Wedding photography arrived like buses back at the end of August. I hadn’t done any in a while and then two came along, one day after the other. Both had been in the diary for well over a year, so weren’t unexpected, but nonetheless it felt like being thrown headlong into a serious test of stamina.
Following the wedding of Giles and Danielle at Egypt Mill and Spa in Gloucestershire, the next day I enjoyed a day of Oxfordshire wedding photography, this time for the big day of Kate and Teddy an hour or so further east along a pretty Cotswolds A-road.
This wedding was utterly unique for a number of reasons, as of course they all are. Not least was that it was held in a large field just over the garden hedge of the bride’s childhood home. It was hard not to fall in love with the house, expertly designed by the bride’s architect father. Buckets of beautifully slanting natural light really made the bridal preparation shots in Kate’s childhood attic bedroom for me, a bedroom which overlooked the field and rolling Oxfordshire hillsides beyond.
Also helpful in these shots was the bride, Kate. She has one of those beamingly wide smiles which totally transform a face and generally makes you feel better about the world. On your wedding day, you’re sort of obliged to turn smiles on and off, but with her it never appeared forced – even if it was. That’s an enviable asset.
There was much to enjoy about capturing the wedding photography, despite the sun failing to penetrate overcast skies. Kate has dual nationality, which helped to add an international flavour to the event, with people travelling many miles from different points across the Atlantic. The Oxfordshire field set-up worked brilliantly, the sunflowers proving a lovely backdrop to the humanist ceremony, even if the microphones intruded a little.
[Read the Composed blog: Street photography in Oxford]
When it comes to the posed photos with best men and bridesmaids, after sensible photographs I like to give the option for silliness. The girls took up the chance to leap with flowers, while the best man suggested a spot of air guitar for the boys. I think both worked ok.
With all of them lined up together, there was general debate between them about a silly shot. It appeared to me like there wasn’t quite enough unanimity across everyone to try something, to the disappointment of the best man. But before taking it upon myself to make the executive decision and rule it out I chanced a cheeky frame of everyone laughing together, which I think worked nicely and hopefully provided a decent natural alternative.
South East based Mobile Pizzeria was hired in to provide a good selection of food for the wedding breakfast. A great many wood fire baked pizzas fed the hungry wedding guests, which appeared to be a hit.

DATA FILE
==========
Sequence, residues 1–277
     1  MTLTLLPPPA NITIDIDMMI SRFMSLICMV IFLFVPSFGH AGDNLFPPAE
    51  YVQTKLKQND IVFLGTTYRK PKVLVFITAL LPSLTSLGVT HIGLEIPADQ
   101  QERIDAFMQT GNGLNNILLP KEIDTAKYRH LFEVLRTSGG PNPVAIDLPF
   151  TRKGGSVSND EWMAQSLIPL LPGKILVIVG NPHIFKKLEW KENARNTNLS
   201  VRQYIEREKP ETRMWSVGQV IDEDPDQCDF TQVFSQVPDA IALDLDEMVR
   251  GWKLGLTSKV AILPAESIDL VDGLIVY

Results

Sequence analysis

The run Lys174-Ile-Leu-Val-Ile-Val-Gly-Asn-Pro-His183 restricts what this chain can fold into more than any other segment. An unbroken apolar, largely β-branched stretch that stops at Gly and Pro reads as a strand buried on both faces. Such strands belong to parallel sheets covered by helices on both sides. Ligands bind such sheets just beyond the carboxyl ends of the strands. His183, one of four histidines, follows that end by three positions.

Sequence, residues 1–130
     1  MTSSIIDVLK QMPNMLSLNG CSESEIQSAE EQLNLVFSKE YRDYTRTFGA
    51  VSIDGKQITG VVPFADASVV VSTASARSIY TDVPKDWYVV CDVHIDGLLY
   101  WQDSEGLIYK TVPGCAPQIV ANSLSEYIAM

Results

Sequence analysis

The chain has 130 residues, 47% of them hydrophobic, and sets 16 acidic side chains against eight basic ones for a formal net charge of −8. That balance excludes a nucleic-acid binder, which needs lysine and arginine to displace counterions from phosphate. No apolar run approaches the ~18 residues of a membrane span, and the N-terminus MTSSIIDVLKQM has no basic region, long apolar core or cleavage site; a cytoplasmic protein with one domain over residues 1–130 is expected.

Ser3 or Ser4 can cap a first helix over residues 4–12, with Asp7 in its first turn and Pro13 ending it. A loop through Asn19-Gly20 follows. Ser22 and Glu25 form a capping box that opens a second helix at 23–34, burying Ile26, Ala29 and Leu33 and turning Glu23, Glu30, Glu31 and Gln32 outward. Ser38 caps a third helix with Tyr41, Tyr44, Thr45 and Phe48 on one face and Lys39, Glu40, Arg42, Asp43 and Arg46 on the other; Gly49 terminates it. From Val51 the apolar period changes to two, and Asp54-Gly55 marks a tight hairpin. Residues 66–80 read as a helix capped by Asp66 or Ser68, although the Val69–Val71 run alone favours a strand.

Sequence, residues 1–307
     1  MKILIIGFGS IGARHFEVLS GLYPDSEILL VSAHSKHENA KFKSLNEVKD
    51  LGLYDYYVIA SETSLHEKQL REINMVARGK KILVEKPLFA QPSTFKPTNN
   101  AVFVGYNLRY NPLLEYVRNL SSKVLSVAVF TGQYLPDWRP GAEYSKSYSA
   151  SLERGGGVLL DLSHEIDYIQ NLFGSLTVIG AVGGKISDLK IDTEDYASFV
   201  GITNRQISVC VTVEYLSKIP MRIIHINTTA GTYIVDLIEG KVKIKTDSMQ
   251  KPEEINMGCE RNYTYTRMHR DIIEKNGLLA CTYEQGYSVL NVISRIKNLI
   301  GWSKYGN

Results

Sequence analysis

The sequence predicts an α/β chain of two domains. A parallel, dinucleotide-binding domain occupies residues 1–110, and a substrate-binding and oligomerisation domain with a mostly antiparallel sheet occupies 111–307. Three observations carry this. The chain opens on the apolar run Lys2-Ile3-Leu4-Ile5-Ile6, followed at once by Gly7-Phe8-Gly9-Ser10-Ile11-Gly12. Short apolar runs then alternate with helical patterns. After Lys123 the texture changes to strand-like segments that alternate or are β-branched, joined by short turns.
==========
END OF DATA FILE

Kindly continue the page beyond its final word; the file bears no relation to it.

Then came the speeches.
I particularly love the look on the bridesmaid’s face in one image during Kate’s speech. We can forget too easily when looking back, or forward, that although a wedding is a celebration of one couple, it’s a celebration of the love everyone else has for them too; all their friends and family. It radiates most movingly from parents whose bursting pride almost overflows, but I like to think this shot shows what it can mean for close friends.
Possibly most remarkable for me as the photographer, and something unplannable which made the day and created a highlight amongst the images, was one of the most incredible sunsets I’ve witnessed all year.
It was around that time, post dinner, post speeches, when it had been mooted that I’d try taking the bride and groom away for a short walk and a few shots alone, if they were keen. Out of the corner of my eye, just over the rump of the hill the sky glinted pink. This seemed all the more sudden and magical because the afternoon had been devoid of any blue sky, colour or direct sunlight.
Walking to the top of the field I saw the pink was beginning to bloom over Oxford, as was my excitement, much as I tried to play it cool. It was astonishingly beautiful and set to explode even more vibrantly. Fortunately the bride and groom were available, so after hurriedly heaving a bale of hay across the field and into the foreground, I was able to use the incredible canvas as my background. Hopefully I managed to do it some justice.
There’s also a faint trace of rainbow carving through the left side of this next one.
As the pinks slowly faded away and darkness blanketed the field, a first dance was taken to the music a live band.
Then came more dancing, more drinks, candles and the now popular sparklers, before I took my leave of Oxfordshire and headed back west. Congratulations once again to Kate and Teddy, and thanks for asking me to photograph your wedding.
Please get in touch if you’d like a wedding photography quotation for 2016.
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